Sustainability: Higher Education's New Fundamentalism
July 21, 2015
"Sustainability" is a key idea on college campuses in the United States and the rest of the Western world. To the unsuspecting, sustainability is just a new name for environmentalism. But the word really marks out a new and larger ideological territory in which curtailing economic, political, and intellectual liberty is the price that must be paid now to ensure the welfare of future generations.
Peter Wood and Rachelle Peterson of the National Association of Scholars find:
- American colleges and universities currently spend more than $3.4 billion per year pursuing their dreams of "sustainability" at a time when college tuitions are soaring and 7.5 percent of recent college graduates are unemployed and another 46 percent underemployed
- The appeal of the sustainability movement depends to a great extent on the belief that the world is experiencing catastrophic warming as a result of human activities that are increasing the amount of carbon dioxide in the atmosphere.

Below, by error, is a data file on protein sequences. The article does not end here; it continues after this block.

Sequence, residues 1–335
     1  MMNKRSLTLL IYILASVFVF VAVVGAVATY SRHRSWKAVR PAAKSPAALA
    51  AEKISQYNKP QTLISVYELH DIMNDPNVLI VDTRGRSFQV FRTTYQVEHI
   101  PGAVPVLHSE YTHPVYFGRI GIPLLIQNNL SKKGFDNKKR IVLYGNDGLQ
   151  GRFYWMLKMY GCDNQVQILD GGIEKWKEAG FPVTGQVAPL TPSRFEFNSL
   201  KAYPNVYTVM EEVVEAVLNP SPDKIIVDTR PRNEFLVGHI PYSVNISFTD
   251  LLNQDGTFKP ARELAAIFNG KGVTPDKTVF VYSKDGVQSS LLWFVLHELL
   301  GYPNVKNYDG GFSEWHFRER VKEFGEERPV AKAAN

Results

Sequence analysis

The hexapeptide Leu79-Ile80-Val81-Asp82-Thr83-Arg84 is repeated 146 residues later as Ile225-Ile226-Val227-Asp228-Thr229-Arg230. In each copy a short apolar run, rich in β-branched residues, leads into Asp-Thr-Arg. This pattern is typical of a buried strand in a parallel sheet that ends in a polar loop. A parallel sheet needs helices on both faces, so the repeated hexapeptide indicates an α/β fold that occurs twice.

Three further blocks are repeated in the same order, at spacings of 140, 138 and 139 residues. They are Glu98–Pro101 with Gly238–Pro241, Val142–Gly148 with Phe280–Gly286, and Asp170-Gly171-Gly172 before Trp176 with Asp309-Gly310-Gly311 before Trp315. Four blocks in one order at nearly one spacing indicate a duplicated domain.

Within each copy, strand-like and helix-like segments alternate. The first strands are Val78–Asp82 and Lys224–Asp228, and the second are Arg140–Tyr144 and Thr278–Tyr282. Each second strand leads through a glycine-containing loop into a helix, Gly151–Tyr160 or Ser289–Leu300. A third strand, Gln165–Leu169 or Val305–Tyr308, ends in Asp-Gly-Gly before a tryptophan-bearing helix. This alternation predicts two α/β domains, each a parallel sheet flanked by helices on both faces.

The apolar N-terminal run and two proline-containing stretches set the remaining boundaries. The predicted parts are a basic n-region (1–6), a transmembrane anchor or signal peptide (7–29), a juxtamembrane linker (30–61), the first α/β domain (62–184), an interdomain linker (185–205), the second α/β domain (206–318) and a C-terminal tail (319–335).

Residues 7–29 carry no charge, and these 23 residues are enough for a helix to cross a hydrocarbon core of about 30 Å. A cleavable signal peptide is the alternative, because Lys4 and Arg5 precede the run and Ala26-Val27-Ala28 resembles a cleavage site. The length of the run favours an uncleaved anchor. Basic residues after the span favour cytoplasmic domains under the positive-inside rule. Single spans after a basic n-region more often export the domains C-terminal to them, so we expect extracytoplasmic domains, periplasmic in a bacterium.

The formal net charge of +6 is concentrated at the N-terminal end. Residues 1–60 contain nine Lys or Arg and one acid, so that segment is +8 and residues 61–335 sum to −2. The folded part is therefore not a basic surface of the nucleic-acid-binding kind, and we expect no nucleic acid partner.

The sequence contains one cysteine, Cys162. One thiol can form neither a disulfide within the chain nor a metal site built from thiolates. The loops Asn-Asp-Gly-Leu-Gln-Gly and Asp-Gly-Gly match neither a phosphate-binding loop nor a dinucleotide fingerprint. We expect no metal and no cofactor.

- The "debate-is-over" position is itself at odds with intellectual freedom and is why the campus sustainability movement should be examined skeptically.
The report offers several key recommendations:
- Colleges and universities should be neutral in important and unresolved scientific debates.
- Free faculty members from the implied pressure to imbed sustainability into the curricula of unrelated courses.
- College and university boards of trustees should examine demands for divestment from fossil fuels skeptically and with full awareness of the ideological context in which these demands are made.
The growth of administrative and staff positions in sustainability drives up costs and wrongly institutionalizes advocacy at the expense of education.
Source: Peter Wood and Rachelle Peterson, "Sustainability: Higher Education's New Fundamentalism," National Association of Scholars, March 25, 2015.
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